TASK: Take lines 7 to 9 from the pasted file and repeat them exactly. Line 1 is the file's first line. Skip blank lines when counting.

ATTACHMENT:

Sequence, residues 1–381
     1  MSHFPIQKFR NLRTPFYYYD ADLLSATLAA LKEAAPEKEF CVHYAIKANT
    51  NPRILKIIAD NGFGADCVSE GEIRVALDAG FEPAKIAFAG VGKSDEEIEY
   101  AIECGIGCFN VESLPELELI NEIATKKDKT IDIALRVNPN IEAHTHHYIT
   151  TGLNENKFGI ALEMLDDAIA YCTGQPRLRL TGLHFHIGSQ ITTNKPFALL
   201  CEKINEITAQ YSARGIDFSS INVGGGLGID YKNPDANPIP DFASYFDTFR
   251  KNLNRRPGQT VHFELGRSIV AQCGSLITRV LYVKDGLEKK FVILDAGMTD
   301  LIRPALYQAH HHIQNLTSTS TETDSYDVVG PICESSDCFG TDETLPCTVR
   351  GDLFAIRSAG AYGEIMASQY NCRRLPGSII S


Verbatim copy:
   251  KNLNRRPGQT VHFELGRSIV AQCGSLITRV LYVKDGLEKK FVILDAGMTD
   301  LIRPALYQAH HHIQNLTSTS TETDSYDVVG PICESSDCFG TDETLPCTVR
   351  GDLFAIRSAG AYGEIMASQY NCRRLPGSII S